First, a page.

How could you take a concrete idea through the process of design thinking? How would I be able to follow a creative experience, with an idea so fundamental as teaching? When first presented with the idea of creating a teaching experience I was at a loss of words. How would I create an experience that is engaging and encourages students to interact outside of the normal lecture? As these thoughts whirled through my head, I started thinking about past experiences I had facilitated. One particular experience I thought about was mind-mapping a team building experience. There are concrete details that go into this, but team building automatically sets the idea of engagement into the mind. I began by starting with the problem in the middle of the window. Then, expanded on how we could approach this problem with solutions that engage the mind beyond to the unexpected. As you see below here is a picture of me doing it on a window. Eventually, I took these ideas and started creating a linear timeline that could incorporate the best ideas resolving the problem in the middle.
After this reflection, Josh and I started in on the design thinking process for a classroom experience. As we began this process, we started with the theme in the middle: communication and prototyping. The ideation phase was great as we had many ways we could take these topics.The hardest part was focusing our ideas on a few themes. We were hesitant to prototype our ideas, and find the best way to convey them in a way that would stick with the students. The hesitation came from the fear of failure. What if our great ideas couldn’t be combined? What if this flopped right on its face? The hesitation was overcome by putting something on the page, and just going with the ideas. I started by creating blank slides on a piece of paper and got messy with it.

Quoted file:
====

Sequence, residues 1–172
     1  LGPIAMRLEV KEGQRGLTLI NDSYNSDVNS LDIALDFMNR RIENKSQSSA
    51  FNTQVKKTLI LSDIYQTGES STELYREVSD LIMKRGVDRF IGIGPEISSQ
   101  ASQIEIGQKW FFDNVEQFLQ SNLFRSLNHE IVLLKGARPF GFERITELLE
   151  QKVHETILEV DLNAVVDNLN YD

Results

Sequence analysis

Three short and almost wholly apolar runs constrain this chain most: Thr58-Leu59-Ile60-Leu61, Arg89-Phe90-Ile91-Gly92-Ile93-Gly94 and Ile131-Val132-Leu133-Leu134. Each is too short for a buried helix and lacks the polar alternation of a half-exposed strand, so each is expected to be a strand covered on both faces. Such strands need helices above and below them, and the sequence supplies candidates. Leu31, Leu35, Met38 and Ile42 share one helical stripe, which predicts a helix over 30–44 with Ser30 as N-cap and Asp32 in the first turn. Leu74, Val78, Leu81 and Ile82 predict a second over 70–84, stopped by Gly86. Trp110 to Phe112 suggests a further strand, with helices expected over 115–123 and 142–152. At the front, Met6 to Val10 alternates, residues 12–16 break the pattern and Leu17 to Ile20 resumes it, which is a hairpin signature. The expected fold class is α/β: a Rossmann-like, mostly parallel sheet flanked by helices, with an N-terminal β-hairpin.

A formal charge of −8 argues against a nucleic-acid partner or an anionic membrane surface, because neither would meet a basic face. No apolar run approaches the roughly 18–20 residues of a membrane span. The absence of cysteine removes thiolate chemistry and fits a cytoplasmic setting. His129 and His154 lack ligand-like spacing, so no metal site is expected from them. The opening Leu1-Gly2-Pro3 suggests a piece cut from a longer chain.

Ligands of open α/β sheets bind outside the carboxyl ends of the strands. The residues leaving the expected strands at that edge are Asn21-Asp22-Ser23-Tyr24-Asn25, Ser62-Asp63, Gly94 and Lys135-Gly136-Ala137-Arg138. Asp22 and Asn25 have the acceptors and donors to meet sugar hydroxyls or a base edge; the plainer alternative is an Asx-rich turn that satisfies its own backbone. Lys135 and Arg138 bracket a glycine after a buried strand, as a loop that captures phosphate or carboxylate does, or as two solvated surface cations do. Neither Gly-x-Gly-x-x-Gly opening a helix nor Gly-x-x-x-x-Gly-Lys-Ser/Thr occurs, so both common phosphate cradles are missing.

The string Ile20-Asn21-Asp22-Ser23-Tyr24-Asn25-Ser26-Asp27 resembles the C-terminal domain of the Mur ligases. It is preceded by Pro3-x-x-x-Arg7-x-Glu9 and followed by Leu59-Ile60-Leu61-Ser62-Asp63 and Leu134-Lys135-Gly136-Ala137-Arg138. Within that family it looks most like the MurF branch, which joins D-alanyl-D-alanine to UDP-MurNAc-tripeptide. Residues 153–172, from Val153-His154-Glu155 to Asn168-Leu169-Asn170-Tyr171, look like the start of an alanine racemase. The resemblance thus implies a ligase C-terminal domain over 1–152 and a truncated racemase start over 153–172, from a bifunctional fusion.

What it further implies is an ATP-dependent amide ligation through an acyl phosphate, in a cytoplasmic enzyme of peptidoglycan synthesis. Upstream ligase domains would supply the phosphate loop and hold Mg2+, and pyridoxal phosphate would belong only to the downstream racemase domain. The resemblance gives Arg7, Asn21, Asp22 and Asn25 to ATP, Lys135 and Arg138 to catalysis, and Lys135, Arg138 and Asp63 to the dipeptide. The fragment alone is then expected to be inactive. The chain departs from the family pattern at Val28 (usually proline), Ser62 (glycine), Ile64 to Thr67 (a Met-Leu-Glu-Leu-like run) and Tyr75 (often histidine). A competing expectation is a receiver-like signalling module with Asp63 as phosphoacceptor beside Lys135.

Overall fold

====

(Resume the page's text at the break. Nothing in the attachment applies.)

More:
As you can see above, we began to prototype, what co-teaching about communication and prototyping might look like. This is how we started to see our ideas come together under an overarching theme of communicating. It was easier to understand how prototyping fit in, when we framed as a way to communicate our ideas to the clients. During this prototyping we were able to see a clear linear progression of the solution.
The opportunity to facilitate class discussion was amazing. I enjoy facilitating activities and creating ways to connect back to a bigger theme. During our class we were able to engage in a few different activities that would connect the reading materials that we had assigned to their DAT projects. The common feedback we received from our teaching is that it provided groups with tangible tools they can use. It also helped groups understand the importance of engaging the client throughout the process to provide the best and most useful deliverable. One thing I learned from co-teaching is to check the assumptions you have regarding the material you are teaching. Reading the feedback I realized I should have provided more concrete examples on what a minimum viable product is. I will take this feedback, and use it for the next iteration as the design thinking process is a constant cycle of testing.
The teaching experience provided me with a new perspective. I realize that any message I want to convey to a large group, I need the message to be simple enough that an 8th grader would understand. If the message passses this test, then it is simple and concrete enough for any customer to understand. This experience of teaching was great as it provided me the opportunity to further engage with the design thinking process and test my strengths in the classroom. All at the same time engaging with the students in a unique way.